Both denists said Bundaberg was sitting in the “dental dark ages”, with fluoride being a proven, safe and effective preventive measure for residents. Picture: Thinkstock
Both denists said Bundaberg was sitting in the “dental dark ages”, with fluoride being a proven, safe and effective preventive measure for residents. Picture: Thinkstock

Council snubs re-fluoridation despite dental, medical advice

DENTISTS and medical experts have been unable to sway Fraser Coast deputy mayor Darren Everard's mind over the issue of fluoride.

Councillor Everard met with the experts in October after the Australian Medical and Dental Associations of Queensland warned the 2013 decision to remove fluoride from the region's water supply.

He told the Chronicle fluoridation "was not on my agenda or the council agenda at the moment".

"Our focus remains firmly on providing services to promote health and fitness though our parks and reserves and providing the economic climate for medical and allied health professions to invest in the Fraser Coast," Cr Everard said.

AMAQ president Dr Dhilip Dhupelia said fluoride was the "number one issue" raised at the meeting with the council, which also covered health and fitness issues in the Fraser Coast region.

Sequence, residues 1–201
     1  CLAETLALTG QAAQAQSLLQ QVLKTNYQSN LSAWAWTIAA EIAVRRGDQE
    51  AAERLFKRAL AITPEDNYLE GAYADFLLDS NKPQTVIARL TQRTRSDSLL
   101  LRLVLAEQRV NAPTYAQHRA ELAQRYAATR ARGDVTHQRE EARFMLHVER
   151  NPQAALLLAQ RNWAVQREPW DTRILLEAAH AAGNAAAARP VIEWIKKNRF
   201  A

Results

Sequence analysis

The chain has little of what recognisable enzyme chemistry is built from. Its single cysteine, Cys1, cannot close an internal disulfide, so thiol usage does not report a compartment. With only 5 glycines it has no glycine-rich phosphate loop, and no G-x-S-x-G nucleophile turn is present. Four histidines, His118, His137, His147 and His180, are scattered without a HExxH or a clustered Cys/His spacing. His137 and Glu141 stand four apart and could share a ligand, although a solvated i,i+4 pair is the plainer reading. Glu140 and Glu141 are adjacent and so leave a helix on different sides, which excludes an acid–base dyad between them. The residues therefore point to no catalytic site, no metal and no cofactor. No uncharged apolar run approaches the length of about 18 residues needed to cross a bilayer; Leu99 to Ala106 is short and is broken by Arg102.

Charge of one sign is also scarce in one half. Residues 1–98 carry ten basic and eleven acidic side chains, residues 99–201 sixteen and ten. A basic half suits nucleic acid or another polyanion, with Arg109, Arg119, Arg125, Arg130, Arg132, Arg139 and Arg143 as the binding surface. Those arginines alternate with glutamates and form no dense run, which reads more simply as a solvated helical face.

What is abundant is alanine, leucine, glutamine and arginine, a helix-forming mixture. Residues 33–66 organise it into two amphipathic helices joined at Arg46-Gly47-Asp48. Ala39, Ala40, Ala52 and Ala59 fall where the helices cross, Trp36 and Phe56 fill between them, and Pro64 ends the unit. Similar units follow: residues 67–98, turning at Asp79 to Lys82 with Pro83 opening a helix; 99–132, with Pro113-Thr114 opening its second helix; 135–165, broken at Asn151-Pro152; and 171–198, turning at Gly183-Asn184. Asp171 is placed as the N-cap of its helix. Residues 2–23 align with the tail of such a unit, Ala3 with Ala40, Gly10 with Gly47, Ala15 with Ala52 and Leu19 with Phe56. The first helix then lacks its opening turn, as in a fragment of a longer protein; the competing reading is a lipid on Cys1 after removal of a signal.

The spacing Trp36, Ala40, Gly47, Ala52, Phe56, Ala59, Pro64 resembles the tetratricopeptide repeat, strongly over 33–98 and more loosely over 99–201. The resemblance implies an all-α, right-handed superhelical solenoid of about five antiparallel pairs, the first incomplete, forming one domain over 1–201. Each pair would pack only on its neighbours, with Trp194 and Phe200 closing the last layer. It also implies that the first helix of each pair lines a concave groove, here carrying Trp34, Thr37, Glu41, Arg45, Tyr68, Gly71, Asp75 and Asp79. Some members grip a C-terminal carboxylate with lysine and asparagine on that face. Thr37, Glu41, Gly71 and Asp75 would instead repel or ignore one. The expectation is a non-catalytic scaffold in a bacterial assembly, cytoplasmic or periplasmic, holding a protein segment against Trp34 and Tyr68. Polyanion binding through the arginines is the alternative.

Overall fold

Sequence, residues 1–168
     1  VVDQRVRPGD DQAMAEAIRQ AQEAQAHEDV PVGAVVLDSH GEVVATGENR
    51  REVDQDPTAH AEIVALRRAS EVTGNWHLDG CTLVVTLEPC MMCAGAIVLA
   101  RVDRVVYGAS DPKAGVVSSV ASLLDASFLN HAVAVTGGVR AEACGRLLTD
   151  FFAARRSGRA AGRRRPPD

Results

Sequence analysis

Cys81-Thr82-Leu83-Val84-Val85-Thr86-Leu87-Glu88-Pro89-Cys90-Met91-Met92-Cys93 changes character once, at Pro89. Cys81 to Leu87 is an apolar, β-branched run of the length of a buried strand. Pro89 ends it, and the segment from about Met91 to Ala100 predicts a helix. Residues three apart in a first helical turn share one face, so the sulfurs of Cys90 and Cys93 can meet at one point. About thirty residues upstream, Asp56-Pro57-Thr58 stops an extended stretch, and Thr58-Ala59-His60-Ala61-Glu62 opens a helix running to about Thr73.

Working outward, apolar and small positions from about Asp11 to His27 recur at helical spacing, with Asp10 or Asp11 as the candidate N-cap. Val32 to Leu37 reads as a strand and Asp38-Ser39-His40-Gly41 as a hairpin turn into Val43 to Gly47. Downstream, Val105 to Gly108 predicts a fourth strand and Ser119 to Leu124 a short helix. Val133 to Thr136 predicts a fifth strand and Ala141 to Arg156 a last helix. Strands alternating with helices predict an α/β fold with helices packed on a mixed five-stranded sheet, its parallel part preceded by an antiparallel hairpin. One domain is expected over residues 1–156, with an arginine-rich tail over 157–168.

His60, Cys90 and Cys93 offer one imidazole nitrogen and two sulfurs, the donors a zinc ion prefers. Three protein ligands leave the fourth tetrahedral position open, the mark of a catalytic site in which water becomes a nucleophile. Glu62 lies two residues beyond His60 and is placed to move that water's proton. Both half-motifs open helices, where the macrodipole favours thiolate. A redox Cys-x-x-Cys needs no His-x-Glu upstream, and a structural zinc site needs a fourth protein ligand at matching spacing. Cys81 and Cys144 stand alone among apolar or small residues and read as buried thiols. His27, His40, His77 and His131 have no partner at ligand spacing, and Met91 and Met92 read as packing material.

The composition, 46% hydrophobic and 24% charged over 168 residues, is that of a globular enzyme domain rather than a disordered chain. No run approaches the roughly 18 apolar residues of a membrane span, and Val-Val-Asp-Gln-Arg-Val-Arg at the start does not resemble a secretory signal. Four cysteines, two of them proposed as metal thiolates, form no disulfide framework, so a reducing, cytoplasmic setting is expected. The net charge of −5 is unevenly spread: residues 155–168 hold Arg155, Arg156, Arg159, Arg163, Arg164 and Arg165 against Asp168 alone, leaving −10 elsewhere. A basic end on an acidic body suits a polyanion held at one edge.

The meeting was triggered after the council was criticised in September for opting out of water fluoridation in 2013, saying the region was condemned to a "dental dark age".

AMAQ president Dr Dhilip Dhupelia said it was disappointing local councils, including the Fraser Coast council, were not prepared to place fluoride on their agendas.

He revealed he was approaching the State Government and Health Minister Steven Miles over the issue.

"We know that he is aware of the evidence as presented and we have agreed to place this onto my next agenda when I meet with him in the New Year," Dr Dhupelia said.

"Fluoridation of water is an ethical public health issue.

"AMA Queensland will not be letting up in our advocacy for fluoridation because it is the right thing to do."

The Fluoride Act, passed by the Bligh Labor Government in 2008, required councils to add fluoride to town water supplies serving more than 1000 people.

Legislative amendments by the Newman Government, passed in 2012, handed the choice to fluoridate back to Queensland councils.

The Fraser Coast voted 8-3 to stop adding fluoride to its water supply in February 2013